A pool of golden light hits the stage and six dancers dressed in rose, violet and bronze silk dart across the space. They form complex compositions as they fall in unison and then break free from each other. Heels brush the floor, feet stamp and hands begin to shake, fingers fluttering in the air as they wait in anticipation for a message from the Gods.
Choreographer Seeta Patel creates an evocative, visceral interpretation of iconic ballet, The Rite of Spring, by using classical Indian dance form Bharatanatyam. Traditionally a solo dance performed exclusively by women, Patel has cast a male dancer as the Chosen One. To the music of Stravinsky, the pagan story is a ritual celebration of the arrival of spring, where growth and fertility only happen once a human sacrificial ceremony is performed.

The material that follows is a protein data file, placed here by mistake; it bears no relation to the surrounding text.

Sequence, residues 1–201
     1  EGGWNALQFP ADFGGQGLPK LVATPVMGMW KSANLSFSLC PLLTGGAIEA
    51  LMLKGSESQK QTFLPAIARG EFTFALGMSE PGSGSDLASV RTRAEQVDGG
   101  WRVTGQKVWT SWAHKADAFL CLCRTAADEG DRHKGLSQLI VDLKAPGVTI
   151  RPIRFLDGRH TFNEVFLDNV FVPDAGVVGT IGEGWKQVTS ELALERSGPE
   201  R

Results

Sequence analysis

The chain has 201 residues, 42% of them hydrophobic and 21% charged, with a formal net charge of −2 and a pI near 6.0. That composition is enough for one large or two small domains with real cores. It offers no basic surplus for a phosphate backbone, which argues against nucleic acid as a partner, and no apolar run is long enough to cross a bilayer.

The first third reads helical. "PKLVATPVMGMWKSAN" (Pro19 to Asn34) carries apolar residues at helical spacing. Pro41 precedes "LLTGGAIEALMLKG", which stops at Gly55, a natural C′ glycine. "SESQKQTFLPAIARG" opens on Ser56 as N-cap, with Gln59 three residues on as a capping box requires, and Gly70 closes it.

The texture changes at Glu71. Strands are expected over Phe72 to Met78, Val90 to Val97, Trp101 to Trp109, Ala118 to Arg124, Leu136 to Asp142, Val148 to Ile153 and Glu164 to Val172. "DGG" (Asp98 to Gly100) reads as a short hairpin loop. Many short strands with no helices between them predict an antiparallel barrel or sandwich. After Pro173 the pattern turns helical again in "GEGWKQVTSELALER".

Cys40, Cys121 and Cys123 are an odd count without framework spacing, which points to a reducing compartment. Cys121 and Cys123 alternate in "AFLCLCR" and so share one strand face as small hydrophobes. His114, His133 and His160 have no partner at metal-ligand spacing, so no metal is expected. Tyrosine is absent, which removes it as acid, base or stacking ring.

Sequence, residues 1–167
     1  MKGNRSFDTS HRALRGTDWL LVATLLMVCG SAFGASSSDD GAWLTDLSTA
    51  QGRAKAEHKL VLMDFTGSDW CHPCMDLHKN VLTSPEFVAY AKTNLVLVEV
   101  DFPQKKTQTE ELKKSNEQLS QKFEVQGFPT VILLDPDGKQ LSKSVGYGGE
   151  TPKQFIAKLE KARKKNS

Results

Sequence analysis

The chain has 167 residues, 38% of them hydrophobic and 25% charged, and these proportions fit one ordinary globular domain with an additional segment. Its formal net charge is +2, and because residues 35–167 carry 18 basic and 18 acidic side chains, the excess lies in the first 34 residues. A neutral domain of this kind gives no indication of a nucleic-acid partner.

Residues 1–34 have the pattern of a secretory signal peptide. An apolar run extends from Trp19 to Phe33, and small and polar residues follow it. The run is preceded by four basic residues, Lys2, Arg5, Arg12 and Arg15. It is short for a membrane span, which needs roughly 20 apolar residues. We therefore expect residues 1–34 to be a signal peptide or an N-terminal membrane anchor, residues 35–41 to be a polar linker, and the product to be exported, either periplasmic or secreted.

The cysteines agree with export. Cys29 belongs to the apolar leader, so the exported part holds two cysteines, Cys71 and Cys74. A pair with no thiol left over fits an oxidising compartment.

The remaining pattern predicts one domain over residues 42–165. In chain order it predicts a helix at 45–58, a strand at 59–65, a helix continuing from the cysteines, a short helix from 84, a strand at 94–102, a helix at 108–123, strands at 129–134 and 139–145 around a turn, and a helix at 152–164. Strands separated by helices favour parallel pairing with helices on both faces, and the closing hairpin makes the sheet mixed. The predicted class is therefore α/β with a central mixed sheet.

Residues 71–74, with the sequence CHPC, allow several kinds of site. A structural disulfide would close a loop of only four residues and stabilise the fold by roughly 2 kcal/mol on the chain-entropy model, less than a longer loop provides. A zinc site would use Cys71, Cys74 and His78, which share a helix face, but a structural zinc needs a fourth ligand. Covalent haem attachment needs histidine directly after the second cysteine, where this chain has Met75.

Every staccato note is articulated through the body with absolute precision and sublime execution. In the second half, the pace quickens and the stage becomes a vision of colourful fabric as dancers weave through the space using sharp turns and twists.
Patel allows each image to resonate; when the piece comes to a close, a veil of long red silk covers the Chosen One to form a web of fabric that bleeds across the stage. He stands still, motionless, as he awaits his fate.
Patel’s accompanying work, Dance Dialogues, was created over a week’s residency supported by the National Youth Dance Company and Kadam Dance. It is a conversation between eastern and western movement in which six dancers learn to find a common language through different intricate pathways. The timing and rhythm is seamless as they cross each other, emerge and re-form.